Surrey police today announced a new mobile phone app (apparently only available for iphones so tough if like me you are an android user!) called 'policing in your pocket' http://www.homeoffice.gov.uk/media-centre/news/surrey-app
It builds on the police.uk website which has been up and running for a few months providing detailed crime mapping statistics on line allowing citizens to look at the latest available data for their area for a variety of types of offence.
In large part the new app simply makes this data available on mobile devices but the point which really struck me in the press release and in the short explanatory film clip from a very avuncular Surrey policeman was the phrase 'there is also the opportunity ... to vote on local policing priorities'.
Is this really a good idea?
There has been much debate about the merits and shortcomings of the police.uk initiative. There are concerns (almost inevitable in any exercise of this kind) about accuracy, about how those viewing the data will choose to label areas (in worst case scenarios almost back to the highly moralistic judgements inherent in late 19th century mapping of communities in London by Charles Booth) and just how meaningful the data can be when there is no context about the nature of the crimes concerned.
There has also been some excellent debate about the effectiveness of the initiative in terms of the very good question - just what is it intended to achieve? A very good piece on this is on the Open Rights Group blog http://www.openrightsgroup.org/blog/2011/shortcomings-of-online-crime-mapping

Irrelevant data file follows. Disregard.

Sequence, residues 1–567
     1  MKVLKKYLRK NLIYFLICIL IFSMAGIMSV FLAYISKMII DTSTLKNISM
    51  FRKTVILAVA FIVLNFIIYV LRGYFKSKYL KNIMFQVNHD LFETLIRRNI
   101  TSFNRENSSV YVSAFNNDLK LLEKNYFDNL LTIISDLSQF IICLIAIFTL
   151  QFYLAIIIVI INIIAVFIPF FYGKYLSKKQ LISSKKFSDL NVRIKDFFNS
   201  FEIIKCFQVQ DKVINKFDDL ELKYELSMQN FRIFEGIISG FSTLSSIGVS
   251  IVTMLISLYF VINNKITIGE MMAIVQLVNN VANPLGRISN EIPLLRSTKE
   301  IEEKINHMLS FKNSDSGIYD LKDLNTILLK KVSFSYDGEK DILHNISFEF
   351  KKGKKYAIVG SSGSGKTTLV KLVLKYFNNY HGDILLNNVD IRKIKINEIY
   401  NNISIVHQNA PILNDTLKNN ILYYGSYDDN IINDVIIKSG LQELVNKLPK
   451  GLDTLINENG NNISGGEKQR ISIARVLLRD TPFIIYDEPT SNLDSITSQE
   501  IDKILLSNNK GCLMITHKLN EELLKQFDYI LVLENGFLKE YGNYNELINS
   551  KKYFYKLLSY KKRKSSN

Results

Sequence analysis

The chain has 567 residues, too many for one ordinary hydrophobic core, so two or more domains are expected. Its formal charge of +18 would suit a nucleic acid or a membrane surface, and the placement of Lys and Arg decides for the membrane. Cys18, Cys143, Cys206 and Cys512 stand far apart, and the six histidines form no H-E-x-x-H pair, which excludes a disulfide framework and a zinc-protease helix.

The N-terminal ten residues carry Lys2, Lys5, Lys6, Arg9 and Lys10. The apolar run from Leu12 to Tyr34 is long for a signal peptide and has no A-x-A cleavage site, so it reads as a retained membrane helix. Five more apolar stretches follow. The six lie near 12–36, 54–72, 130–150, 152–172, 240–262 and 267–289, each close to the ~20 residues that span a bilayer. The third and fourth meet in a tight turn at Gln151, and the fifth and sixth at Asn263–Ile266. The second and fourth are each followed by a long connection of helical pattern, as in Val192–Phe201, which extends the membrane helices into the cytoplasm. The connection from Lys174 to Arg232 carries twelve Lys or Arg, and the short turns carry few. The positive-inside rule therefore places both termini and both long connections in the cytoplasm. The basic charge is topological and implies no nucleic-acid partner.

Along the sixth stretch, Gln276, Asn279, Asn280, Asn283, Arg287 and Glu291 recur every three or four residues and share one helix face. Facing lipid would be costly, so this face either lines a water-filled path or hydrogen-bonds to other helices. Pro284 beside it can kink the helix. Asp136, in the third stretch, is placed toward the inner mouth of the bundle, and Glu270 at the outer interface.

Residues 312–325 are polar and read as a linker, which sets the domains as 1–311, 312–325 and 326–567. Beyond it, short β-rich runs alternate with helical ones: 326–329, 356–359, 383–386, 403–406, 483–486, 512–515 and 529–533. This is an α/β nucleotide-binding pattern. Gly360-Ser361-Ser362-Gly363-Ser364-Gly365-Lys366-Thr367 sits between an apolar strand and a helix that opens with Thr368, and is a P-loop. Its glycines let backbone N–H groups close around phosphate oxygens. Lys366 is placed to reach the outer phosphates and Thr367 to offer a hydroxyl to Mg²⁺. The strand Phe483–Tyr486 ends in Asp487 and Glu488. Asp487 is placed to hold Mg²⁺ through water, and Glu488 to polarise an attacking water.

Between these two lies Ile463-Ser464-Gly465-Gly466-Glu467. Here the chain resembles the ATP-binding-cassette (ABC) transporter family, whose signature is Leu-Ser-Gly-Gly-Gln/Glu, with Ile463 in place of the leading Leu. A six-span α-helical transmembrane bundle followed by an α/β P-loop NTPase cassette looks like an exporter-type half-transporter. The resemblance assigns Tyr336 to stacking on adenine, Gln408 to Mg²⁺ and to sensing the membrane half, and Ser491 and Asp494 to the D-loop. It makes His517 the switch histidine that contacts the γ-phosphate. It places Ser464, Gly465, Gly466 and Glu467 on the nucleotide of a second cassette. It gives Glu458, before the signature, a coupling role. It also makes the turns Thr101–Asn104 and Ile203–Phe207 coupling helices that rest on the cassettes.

If you put together the concerns about the data mapping itself; the unanswered question about what it is intended to achieve and the recent experience of public reaction to the major disorder suffered in many part of our largest cities and conurbations, have we really thought through the implications of encouraging people down the local pub or at dinner parties to use the new app to identify priorities?
Clearly, people are already able and indeed encouraged to attend meetings at which local policing priorities are discussed and the app can be seen as making that sort of process far more accessible. Clearly too, the ultimate decision rests with the officers concerned. But am I alone in feeling nervous that this is likely to result in populist pressure for solutions without the benefit of having heard the debate that would take place at a meeting; without the opportunity to engage the beat team and others in more dialogue about particular problems in specific places rather than a generic response; and with the most likely reactions almost inevitably likely to focus on understandable fears about violent crime and burglary?
To go back to the termnology used in a previous post - better to think about using the app for crowdsourcing on solutions and dialogue rather than using it for purported decision making on priorities?
Or am I just a died in the wool classical republican (and former bureaucrat) with a deep rooted horror of anything that smacks of the arbitrary in decision making?!